On June 10, our joint lecture series with the US-China Catholic Association and the China Academic Consortium continued with a lecture by Dr. Jesse Ciccotti titled, “Christian Theology in a Chinese Idiom.”
Drawing on the work of Andrew Walls, who said, “the theological agenda is culturally induced; and the cross-cultural diffusion of Christian faith invariably makes creative theological activity a necessity,” Ciccotti gave us a glimpse of what creative theological activity might look like in practice. He discussed theology as an “idiomatic activity” whereby Christian thought is expressed in ways that are natural to a cultural native, highlighting key Chinese cultural material in Confucianism, Daoism, and Buddhism in illustration. He closed with a discussion of the relevance of cross-cultural theological creativity, highlighting both the relevance and risks.
Knowing that many listeners might assume his lecture would be centered around traditional Chinese idioms, Ciccotti first clarified the definition of idiom, grounding it in the words of Lamin Sanneh, a Gambian Catholic historian of Islam and World Christianity and then explained further:
“Without a revealed language or even the language of its founder, Christianity staked itself on idioms and cultures that existed for purposes other than for Christianity, and to that extent Christianity came with a predisposition to embrace the marks of our primary identity. A mother-tongue response is in tune with the gospel. Accordingly, in its cultural aspects, the Christian movement provided the impetus for the flowering of a diverse and distinctive humanity by introducing the idea that no culture is inherently impermeable, nor is any one ultimately indispensable. To be grounded in your culture and to be a faithful Christian are complementary” (97).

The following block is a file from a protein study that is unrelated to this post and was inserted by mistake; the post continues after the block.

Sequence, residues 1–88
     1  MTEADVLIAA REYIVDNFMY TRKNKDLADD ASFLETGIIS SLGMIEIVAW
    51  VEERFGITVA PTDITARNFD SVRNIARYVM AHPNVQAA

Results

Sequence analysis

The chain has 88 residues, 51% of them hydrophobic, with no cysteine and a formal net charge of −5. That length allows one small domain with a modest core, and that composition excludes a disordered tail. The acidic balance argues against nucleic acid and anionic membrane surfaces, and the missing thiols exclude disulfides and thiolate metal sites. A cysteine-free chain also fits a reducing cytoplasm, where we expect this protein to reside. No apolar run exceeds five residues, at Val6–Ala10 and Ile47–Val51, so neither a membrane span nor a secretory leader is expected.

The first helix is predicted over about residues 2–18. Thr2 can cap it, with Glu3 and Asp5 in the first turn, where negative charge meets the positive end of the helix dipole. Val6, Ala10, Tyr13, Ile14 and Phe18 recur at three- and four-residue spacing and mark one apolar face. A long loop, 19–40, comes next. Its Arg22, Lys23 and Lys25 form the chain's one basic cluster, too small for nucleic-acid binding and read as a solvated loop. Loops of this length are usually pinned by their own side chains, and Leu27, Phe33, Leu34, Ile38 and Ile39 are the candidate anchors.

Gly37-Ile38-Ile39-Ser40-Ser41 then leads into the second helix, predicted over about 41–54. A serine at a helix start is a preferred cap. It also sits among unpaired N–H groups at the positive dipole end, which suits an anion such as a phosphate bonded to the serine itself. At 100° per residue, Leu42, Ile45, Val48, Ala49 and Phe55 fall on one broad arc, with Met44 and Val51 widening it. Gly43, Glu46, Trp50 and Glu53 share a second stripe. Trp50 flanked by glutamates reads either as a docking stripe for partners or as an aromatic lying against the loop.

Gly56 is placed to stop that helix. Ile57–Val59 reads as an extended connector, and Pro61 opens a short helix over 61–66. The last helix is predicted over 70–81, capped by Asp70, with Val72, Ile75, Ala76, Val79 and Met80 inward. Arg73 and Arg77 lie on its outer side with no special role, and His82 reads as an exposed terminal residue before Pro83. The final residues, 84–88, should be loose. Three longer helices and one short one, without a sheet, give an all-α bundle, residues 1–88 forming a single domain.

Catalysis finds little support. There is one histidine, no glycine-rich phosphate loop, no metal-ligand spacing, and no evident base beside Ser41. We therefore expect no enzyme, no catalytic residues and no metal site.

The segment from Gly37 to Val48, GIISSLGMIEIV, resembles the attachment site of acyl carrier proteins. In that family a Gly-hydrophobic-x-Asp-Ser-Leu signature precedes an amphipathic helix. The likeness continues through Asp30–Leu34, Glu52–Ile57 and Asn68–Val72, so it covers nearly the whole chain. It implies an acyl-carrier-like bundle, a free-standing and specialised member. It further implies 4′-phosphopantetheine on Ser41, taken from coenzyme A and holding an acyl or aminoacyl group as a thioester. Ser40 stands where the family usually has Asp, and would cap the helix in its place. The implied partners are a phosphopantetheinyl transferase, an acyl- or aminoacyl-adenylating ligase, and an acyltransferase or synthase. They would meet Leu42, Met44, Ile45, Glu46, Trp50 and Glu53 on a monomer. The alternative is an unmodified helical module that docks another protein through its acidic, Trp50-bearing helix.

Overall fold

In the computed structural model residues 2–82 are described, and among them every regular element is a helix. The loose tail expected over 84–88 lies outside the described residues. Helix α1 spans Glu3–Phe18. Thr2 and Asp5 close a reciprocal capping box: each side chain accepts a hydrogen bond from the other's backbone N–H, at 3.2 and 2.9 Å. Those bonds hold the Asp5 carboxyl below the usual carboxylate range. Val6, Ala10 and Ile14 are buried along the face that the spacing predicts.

The word “idiom” as Sanneh uses it here means a “characteristic mode of expression.” So, today I will be talking about Christian theology as expressed in ways that are characteristic of Chinese. I like to describe theology as an “idiomatic activity.” This is because theology is something we do, not merely something we know. (See lecture document)
In his concluding remarks, he asked whether it is possible for a cultural foreigner to do creative theological activity in a Chinese idiom. Ciccotti believes that it is possible, noting, however, that its “success” will be largely determined by the people for whom that culture is the water they swim in. Cultural foreigners also must be aware of their outside status and approach their giving of Christian answers (and asking questions) with an extra measure of humility. Otherwise, it may not hit the mark. And it very well may come off as “imperialist” or “colonialist.”
May we all approach our sharing of the gospel with an extra measure of humility.
Note: Two documents are available on the webinar page for downloading: the full text of the lecture, and a reading list of resources he referenced in his talk.
Image credit: Tao Fong Shan 道風山 by C K Leung via Flickr.
Joann Pittman is Vice President of Partnership and China Engagement and editor of ZGBriefs. Prior to joining ChinaSource, Joann spent 28 years working in China, as an English teacher, language student, program director, and cross-cultural trainer for organizations and businesses engaged in China. She has also taught Chinese at the University …View Full Bio
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